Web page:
Ever since electric carmaker Tesla announced plans to build a battery plant outside Reno, Nevada, investors, fans of Elon Musk's company and others around the world have started paying attention to the silver state's large lithium deposits.
Lithium is a key component in the production of batteries used in cell phones and electric vehicles. As sales of electric vehicles, which topped 500,000 worldwide last year, increase, so is demand for lithium.
"Every new mine that we can find needs to be brought online and it needs to be done as fast as possible," said Patrick Highsmith, CEO of Pure Energy Minerals.
Highsmith's company is exploring how much lithium is in the water tables deep below the Nevada desert in Clayton Valley. This valley, halfway between Las Vegas and Reno, is ringed by mountains and home to one of the largest lithium deposits in North America. That's why companies such as Abermale have been here for years extracting lithium in a time consuming process of pumping water into huge extraction pools where the water evaporates and eventually leaves the salt, potash, and lithium.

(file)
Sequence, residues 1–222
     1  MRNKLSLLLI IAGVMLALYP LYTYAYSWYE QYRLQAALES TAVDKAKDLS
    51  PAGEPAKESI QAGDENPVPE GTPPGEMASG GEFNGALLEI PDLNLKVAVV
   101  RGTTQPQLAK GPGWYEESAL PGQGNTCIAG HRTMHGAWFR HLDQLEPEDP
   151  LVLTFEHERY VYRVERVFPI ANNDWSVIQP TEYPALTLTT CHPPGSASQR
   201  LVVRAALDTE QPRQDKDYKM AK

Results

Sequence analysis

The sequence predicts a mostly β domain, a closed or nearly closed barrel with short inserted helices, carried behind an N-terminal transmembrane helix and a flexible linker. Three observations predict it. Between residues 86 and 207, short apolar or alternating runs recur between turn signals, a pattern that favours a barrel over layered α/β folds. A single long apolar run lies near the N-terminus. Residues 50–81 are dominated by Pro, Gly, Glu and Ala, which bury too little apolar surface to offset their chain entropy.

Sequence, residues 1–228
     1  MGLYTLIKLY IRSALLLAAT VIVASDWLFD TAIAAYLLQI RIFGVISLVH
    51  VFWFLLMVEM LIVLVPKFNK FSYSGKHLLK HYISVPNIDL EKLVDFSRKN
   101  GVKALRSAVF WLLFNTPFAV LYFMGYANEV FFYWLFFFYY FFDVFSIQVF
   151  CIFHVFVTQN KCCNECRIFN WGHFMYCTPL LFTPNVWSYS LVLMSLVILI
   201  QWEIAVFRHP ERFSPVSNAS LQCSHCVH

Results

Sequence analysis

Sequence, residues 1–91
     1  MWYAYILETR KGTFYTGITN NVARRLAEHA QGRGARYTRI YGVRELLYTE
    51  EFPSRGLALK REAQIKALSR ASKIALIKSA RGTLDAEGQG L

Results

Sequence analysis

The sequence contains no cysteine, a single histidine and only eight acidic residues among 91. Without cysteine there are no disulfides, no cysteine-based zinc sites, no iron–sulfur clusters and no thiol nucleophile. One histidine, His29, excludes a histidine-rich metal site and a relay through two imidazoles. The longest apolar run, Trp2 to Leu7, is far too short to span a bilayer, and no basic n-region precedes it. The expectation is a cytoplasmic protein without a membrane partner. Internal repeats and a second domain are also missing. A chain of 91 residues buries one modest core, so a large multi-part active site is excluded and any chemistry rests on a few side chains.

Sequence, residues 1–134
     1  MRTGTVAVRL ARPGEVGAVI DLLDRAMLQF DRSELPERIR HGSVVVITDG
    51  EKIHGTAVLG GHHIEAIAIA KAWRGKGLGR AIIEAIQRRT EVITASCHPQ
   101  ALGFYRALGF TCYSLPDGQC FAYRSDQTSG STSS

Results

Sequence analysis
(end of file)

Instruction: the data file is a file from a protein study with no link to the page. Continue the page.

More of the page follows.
Using evaporation to mine lithium is an old and time consuming process, taking well over a year to produce lithium.